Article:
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Noir Crime Fiction | The Twenty-Year Death by Ariel S. Winter

Noir Crime Fiction The Twenty-Year Death by Ariel S. Winter

My Copy (Cover Art by Charles Pyle)

The Twenty-Year Death by Ariel S. Winter is as ambitious a work of noir as any I’ve ever read. Presented as three separate novels, wrapped in the same binding, telling the story of a tortured author across decades. This daring undertaking is further complicated by his literary approach, channeling the prose styles of three noir fiction legends; Georges Simenon, Raymond Chandler, and Jim Thompson. With such an innovative narrative, I feel my normal style of review too clumsy an effort, especially when paired with the elegant depth and scope of Mr. Winter’s work. I’ve agonized over the correct approach, and decided to forgo my traditional noir definition run down; instead opting for a simpler book-by-book evaluation. Let it suffice to say that his books are indisputably noir, with each defining element meticulously observed. The Twenty-Year Death is the magnum opus of a noir-loving madman.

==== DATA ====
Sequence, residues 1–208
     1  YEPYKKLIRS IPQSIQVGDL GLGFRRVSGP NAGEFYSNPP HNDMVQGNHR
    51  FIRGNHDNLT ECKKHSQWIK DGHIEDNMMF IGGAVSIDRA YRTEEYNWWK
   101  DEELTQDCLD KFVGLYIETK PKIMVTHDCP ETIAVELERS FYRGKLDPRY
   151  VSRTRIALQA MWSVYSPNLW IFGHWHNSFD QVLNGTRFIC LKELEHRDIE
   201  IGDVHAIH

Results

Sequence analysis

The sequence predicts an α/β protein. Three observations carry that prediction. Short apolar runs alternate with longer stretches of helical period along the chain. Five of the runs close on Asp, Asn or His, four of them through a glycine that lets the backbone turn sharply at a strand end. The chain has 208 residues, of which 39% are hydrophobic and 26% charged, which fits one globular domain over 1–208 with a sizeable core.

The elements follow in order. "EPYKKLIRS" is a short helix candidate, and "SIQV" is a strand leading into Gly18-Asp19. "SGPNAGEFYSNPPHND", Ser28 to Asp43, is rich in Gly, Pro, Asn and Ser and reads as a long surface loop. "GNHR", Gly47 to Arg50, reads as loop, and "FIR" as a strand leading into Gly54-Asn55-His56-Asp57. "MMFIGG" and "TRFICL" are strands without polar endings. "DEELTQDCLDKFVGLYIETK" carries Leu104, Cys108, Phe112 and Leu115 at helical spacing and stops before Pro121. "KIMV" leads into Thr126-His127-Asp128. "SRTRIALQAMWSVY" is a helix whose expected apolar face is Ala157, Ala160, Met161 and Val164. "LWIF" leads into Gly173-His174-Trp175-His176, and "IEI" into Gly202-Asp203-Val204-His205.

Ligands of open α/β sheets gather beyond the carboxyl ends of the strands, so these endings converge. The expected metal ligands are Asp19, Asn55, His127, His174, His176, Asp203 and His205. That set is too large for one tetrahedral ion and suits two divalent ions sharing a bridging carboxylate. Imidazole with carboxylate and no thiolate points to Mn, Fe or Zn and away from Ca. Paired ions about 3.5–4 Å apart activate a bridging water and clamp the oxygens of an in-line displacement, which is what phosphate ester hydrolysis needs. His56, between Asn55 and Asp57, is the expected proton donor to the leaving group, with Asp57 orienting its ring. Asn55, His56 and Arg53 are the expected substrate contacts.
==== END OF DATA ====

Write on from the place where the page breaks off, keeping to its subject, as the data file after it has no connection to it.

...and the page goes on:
Book 1- Malniveau Prison

Pelleter shook his head, trying to soften his expression. “You never can tell. Later, afterwards, of course, and then you wonder if you always knew.” He considered his words. “Men are capable of anything.”

A small town in France in 1931, a dead body and a missing person– a classic noir opener to stage act one of the novel. Chief Inspector Pelleter, a cigar smoking veteran from the city, must expose the filthy underbelly of pristine Verargent while challenging shy citizens who like their secrets buried. A complex tapestry emerges, composed of Simenon-esque methodical stitchwork, and two seemingly unimportant side characters shift into focus; A boozing American author, Shem Rosenkrantz, and his very young French wife, Clotilde-ma-Fleur. Winter’s treatment of the narrative is impressive, his channeled Simenon convincing if not perfect.